After assembling the table top I trimmed the top to width on the table saw and noted in the process that some of the eucalyptus boards, although strong along their length, are weak across the width. So a small design change – I added two ‘outrigger’ support rails to attach to the table frame so that the top would be supported right across.
I then positioned the top upside-down and inverted the frame so that I could add the brackets that would hold the top to the frame. make sure the hole for the screw holding the table top is a slot rather than a round hole to allow for expansion of the timber.
I then righted the table and radiused the corners using a polishing tin to draw the curves, and cut them out with a hand-held jigsaw. The radiuses were cleaned up with sandpaper.
The top was given a good sanding down to 1200 grit and finished with shellac and then waxed and given a final wipe with an oil polish. And here it is – a garden table from old pallets!
Simple garden table
With the timber from the old gum tree that was partly burnt during the Canberra bushfires outside the front of our house now nearly ready for use, I thought I’d better start thinking about table structures. One thing we don’t have is a garden table, so armed with a pile of pallets left over from all the rebuilding in the district I set to work to design and build a simple garden table from recycled timber.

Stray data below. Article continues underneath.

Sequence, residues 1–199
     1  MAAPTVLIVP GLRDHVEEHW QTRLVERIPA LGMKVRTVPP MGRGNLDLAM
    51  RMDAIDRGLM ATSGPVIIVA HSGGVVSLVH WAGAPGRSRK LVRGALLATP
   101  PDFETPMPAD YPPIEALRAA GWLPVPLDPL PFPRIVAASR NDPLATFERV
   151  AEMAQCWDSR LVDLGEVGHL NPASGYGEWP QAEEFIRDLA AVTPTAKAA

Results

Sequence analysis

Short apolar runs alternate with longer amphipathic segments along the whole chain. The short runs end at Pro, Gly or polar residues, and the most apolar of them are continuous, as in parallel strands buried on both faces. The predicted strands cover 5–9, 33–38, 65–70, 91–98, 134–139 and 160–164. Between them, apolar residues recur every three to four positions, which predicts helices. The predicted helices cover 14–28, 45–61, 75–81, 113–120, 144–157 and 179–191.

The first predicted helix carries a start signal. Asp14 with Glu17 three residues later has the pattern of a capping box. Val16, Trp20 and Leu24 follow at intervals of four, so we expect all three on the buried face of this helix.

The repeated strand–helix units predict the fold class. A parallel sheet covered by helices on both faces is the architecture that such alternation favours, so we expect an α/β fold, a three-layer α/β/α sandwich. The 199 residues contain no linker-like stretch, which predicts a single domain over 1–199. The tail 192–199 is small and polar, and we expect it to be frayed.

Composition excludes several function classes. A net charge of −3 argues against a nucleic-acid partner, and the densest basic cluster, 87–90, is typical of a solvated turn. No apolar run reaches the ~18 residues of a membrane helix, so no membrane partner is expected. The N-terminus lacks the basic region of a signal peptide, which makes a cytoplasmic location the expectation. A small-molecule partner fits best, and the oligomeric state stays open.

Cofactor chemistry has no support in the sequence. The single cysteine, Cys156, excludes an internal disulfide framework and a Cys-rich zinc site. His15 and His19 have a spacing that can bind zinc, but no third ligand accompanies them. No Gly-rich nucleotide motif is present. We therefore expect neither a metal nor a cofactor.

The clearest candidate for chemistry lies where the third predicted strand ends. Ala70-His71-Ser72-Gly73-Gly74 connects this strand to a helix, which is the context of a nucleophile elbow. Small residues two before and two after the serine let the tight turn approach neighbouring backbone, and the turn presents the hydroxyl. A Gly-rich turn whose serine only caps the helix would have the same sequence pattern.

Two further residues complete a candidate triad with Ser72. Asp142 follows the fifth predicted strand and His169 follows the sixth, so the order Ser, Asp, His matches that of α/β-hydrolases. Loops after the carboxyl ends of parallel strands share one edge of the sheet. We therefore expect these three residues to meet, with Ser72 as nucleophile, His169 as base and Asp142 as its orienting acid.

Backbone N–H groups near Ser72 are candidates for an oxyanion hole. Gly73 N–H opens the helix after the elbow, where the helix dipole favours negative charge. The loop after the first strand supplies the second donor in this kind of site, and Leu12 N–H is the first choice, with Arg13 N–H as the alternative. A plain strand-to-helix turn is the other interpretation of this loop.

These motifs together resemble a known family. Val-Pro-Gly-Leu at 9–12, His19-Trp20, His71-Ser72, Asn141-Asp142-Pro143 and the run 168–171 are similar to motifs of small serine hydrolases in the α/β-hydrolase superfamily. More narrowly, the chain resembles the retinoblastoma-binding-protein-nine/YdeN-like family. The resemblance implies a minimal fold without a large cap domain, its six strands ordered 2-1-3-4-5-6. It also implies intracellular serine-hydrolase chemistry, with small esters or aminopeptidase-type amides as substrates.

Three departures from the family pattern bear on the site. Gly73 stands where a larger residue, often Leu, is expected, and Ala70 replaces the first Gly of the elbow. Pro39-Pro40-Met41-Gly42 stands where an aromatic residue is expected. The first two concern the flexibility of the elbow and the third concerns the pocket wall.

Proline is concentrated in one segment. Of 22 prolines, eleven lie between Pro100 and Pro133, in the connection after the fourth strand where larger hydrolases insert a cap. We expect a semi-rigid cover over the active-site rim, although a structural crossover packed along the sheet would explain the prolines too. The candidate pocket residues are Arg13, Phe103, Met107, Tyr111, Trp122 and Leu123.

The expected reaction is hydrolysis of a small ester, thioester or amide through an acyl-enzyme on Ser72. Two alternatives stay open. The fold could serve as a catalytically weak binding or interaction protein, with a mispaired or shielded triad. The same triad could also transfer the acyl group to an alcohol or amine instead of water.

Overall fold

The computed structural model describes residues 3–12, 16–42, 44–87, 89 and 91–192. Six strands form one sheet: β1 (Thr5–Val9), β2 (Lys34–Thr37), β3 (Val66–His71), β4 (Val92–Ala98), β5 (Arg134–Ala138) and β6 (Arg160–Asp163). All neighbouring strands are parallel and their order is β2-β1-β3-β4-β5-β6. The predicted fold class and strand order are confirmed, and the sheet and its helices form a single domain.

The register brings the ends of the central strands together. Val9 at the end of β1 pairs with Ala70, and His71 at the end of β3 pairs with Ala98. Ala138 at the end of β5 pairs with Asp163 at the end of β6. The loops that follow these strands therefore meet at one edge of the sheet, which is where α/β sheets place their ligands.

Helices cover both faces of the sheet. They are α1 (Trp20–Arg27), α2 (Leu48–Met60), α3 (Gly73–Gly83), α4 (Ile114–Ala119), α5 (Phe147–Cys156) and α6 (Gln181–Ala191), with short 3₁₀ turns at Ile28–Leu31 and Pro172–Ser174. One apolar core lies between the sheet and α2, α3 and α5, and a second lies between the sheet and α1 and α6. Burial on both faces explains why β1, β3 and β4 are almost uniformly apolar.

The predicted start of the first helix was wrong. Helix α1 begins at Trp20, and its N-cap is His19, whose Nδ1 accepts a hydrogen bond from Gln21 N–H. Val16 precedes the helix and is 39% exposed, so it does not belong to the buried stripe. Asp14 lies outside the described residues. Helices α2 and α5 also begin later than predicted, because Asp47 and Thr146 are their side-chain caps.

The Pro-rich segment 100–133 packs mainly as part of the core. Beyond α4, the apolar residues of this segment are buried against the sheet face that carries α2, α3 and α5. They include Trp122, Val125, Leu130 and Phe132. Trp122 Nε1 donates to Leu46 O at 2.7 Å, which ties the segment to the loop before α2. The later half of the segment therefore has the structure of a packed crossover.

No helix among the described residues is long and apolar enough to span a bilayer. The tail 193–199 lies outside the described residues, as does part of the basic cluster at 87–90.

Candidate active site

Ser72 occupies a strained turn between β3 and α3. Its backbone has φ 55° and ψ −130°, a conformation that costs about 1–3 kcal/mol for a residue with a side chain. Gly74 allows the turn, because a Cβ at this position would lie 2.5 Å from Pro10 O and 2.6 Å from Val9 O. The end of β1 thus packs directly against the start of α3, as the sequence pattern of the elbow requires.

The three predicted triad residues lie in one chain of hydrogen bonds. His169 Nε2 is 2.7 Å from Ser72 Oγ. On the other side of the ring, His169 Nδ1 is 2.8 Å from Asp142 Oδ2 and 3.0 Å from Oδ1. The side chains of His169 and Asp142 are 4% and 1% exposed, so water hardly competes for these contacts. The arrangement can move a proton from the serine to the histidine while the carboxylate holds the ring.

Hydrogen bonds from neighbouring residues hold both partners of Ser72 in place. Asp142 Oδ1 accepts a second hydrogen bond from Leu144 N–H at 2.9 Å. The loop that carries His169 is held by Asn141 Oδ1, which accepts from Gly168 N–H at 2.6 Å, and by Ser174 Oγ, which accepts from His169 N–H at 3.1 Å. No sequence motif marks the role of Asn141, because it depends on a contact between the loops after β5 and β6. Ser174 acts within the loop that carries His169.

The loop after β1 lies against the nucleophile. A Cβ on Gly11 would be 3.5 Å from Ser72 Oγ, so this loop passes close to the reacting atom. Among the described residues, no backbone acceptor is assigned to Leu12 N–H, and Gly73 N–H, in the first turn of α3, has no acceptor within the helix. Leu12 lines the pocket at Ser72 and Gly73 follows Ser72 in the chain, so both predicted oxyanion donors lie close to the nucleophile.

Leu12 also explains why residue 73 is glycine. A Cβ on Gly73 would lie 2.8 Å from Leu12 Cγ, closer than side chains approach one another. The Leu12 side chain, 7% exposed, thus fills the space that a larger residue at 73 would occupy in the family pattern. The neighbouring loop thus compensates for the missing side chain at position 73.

After removing the usable boards from about three pallets I had enough pieces for a top about 900mm x 800mm – perfect for a small garden table. I removed the nails from two of the better thick supporting timbers from the pallet and gave all the timbers a quick once-over through the thicknesser to see what sort of timber I had. The main uprights and most of the thin boards were redgum, while there were also some thin boards of a pale eucalypt, possibly ribbon gum. I also had about four metres of thin pine stock that I thought I might use for the frame skirting.
I ripped the thick timbers down the middle with the Mk3 triton saw bench using a GMC saw, so I had four pieces that I squared off and thicknessed smooth. I then cut the legs to length at about 700mm.
Now most table designs use a mortice-and-tenon joint to connect the skirting pieces to the legs. But I thought I’d try something different. After cutting the skirting to length I set them up with the legs in the cheapo dovetail jig with a view to building a frame that would use sliding dovetails instead of the traditional mortice and tenon joints. This would give me a strong structure with a rapid construction time. The result wasn’t as neat as it might have been, but it was certainly functional.
The next challenge was the table top. I wanted to practice making a table top that could also be used indoors, so this would involve edge jointing the timbers. Here I used the triton router table with a ryobi half-inch router and a straight cutter. This gave a surprisingly good and true edge to the timbers – and without the high cost (and extra space) of a dedicated planer/jointer.
Then using the biscuit jointer on the triton router table (yes you can cut biscuit slots along a long edge by simply removing the end stop) I cut four biscuit slots for each join and glued the pieces up in threes and clamped them, setting them aside to dry.
Once dry, the three panels of three boards would each still fit through the thicknesser, so I leveled each of the panels and brought them all to the same thickness ready for the final glue-up. By now the three panels were a bit unwieldy for the biscuit jointer so I doweled the boards together and glued them and clamped them ready for final trimming and finishing tomorrow. All in all, not a bad day’s work! I should have the table finished tomorrow with luck 🙂